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Fiji Old History

 

The Fiji Islands have been inhabited for more than 3,000 years. In the 19th century, the islands began to be colonized by Britain, which recruited thousands of Indians as plantation workers. The move of Indians in modern times has created contradictions that still affect the country's politics.

Traces of people in Fiji have been dated to 1,300 years before Christ. Long before the arrival of the Europeans, the Fijians developed a rich Stone Age culture. They grew jams, taro and sweet potatoes, fished and raised pigs, chickens and dogs.

The villages were protected by fortifications. The little chiefdom sometimes fought with each other or made raids to other archipelagos. There should also have been peaceful relations with Tonga and Samoa, where Fijian princes and princesses are mentioned in old folk tales.

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Dutchman Abel Tasman targeted some of the Fiji Islands in 1643. The Englishmen James Cook and William Bligh came in the 18th century. In the early 1800s, Fiji's forests were ravaged by merchants in search of sandalwood. Fiji became known as the Cannibal Islands, and the islanders would certainly not mind if the name deterred some intruders. One adventurer who accelerated the Fijian civil wars by introducing firearms was Charlie Savage, formerly Kalle Svensson from Uddevalla.

Missionaries also came to Fiji. In 1854 the powerful chief Cakobau was baptized. He came from the small island of Bau, where "the terrible Swede" Svensson had taught the islanders how to use bullets and gunpowder. In alliance with the King of Tonga, Cakobau subjugated almost all of western Fiji, but he got into trouble after accusations of having burnt down the US consul's home.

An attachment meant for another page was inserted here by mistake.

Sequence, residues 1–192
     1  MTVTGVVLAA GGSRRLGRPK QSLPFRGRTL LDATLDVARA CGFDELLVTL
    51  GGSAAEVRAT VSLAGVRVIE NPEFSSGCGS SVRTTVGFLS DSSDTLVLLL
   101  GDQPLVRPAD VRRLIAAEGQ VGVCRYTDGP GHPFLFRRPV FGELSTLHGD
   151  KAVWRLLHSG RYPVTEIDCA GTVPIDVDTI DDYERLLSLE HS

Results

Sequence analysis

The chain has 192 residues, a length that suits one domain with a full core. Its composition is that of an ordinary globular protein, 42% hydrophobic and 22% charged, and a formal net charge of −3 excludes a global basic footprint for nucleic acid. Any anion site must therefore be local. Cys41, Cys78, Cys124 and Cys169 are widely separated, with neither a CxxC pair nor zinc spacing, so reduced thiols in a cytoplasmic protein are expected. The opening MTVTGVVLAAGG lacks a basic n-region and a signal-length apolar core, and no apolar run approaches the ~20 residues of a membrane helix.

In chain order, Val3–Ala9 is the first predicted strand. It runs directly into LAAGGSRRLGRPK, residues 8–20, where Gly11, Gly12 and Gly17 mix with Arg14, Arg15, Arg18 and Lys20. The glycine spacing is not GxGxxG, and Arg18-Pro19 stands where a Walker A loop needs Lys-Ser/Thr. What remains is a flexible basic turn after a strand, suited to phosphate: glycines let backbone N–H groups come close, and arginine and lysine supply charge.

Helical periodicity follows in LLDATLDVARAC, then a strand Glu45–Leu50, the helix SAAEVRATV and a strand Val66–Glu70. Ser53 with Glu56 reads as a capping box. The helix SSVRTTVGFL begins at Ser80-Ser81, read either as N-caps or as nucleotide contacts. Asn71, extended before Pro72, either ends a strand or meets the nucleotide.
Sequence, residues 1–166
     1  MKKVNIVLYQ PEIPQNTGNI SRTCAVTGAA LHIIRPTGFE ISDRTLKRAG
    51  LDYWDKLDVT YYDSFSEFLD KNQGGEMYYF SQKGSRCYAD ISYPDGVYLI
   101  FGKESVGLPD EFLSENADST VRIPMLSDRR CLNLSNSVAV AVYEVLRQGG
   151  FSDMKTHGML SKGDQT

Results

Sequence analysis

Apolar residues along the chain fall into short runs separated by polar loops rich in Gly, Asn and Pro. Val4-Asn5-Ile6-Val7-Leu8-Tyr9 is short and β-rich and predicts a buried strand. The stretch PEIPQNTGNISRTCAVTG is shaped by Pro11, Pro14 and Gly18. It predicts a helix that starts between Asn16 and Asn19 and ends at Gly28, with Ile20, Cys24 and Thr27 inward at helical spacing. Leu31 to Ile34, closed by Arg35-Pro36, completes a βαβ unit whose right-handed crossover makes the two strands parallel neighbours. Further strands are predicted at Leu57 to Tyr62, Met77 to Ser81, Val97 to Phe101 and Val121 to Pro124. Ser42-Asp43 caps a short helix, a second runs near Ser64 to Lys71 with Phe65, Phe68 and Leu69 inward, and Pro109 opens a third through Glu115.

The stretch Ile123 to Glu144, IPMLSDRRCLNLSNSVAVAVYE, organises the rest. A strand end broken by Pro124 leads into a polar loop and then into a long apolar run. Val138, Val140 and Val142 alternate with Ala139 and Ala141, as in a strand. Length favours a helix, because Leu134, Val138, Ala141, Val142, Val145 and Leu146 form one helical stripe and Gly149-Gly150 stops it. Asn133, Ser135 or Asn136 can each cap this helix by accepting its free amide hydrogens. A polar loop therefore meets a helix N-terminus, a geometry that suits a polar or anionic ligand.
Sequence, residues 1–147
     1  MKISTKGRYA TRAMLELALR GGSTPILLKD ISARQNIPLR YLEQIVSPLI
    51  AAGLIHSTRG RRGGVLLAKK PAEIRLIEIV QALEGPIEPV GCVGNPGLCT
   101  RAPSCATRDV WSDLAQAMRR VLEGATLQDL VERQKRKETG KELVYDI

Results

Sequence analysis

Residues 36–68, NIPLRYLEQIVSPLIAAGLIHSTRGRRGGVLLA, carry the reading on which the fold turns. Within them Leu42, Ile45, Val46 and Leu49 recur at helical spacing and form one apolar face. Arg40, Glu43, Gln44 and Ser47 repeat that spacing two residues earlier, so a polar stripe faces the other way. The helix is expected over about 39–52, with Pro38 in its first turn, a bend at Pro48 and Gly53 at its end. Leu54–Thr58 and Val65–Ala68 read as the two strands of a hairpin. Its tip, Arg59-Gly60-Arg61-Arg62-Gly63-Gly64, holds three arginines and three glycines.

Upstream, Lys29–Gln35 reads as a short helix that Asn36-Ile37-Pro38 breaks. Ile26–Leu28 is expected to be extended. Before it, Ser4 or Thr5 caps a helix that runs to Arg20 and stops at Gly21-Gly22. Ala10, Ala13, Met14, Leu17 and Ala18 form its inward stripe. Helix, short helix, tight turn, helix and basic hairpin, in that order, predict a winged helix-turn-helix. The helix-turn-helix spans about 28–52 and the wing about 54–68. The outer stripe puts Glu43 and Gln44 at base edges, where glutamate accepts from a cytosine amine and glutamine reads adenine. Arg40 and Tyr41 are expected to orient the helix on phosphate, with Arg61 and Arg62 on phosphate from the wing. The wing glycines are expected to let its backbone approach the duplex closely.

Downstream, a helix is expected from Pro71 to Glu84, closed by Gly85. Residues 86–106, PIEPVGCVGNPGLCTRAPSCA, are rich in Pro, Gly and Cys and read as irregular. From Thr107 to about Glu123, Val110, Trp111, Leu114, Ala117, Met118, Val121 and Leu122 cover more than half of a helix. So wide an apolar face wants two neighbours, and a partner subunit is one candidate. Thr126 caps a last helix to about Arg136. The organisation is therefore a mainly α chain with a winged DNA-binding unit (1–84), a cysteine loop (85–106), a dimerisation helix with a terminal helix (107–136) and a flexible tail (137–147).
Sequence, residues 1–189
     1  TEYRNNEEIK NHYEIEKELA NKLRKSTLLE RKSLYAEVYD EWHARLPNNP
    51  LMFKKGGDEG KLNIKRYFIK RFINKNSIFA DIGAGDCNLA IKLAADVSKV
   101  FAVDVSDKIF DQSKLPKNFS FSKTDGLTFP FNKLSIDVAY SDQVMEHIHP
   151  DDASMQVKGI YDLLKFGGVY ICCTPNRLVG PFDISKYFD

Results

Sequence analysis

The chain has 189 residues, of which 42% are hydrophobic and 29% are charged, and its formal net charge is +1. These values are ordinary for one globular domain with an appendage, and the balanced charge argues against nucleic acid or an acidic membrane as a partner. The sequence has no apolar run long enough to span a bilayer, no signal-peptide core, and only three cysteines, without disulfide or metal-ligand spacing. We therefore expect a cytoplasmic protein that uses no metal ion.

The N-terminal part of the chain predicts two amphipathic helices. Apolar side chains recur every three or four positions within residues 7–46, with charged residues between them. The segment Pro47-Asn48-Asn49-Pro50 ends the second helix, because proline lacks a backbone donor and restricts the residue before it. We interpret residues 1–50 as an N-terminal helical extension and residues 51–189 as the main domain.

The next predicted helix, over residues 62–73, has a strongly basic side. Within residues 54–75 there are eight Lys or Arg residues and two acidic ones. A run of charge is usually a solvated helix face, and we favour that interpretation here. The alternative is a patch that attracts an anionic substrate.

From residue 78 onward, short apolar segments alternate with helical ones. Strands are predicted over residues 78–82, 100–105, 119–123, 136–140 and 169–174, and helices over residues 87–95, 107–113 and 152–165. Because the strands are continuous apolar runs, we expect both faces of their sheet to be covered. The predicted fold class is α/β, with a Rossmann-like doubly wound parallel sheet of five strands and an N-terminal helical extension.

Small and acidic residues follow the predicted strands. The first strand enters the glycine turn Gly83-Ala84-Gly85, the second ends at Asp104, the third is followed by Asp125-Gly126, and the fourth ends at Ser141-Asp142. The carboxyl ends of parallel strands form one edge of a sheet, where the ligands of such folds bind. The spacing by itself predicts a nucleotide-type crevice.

Old History of Fiji

Faced with the threat of an American invasion and annexation, Cakobau sought support from Britain. British settlers had arrived in the 1860s to build cotton and sugar plantations, and in 1874 Fiji became a British crown colony.

Cakobau and twelve other chieftains led the British to agree that no more land would be transferred from the indigenous people to the settlers. The Fijians had to maintain their internal rule, and Europeans were forbidden to use them as labor. Instead, the British recruited contract workers from India. The contract worker system went on between 1879 and 1916. When it was abolished, a majority of Indians chose to stay. At the same time, the Fijians had become fewer as a result of war and European diseases.

The British's intention was to protect the indigenous people, which was achieved to some extent, but the policy also laid the foundation for today's contradictions, mainly around the Fijians' exclusive right to own land. The Fijians were in many ways favored by the British at the expense of the Indians but were also excluded from taking part in modern economic life.

 
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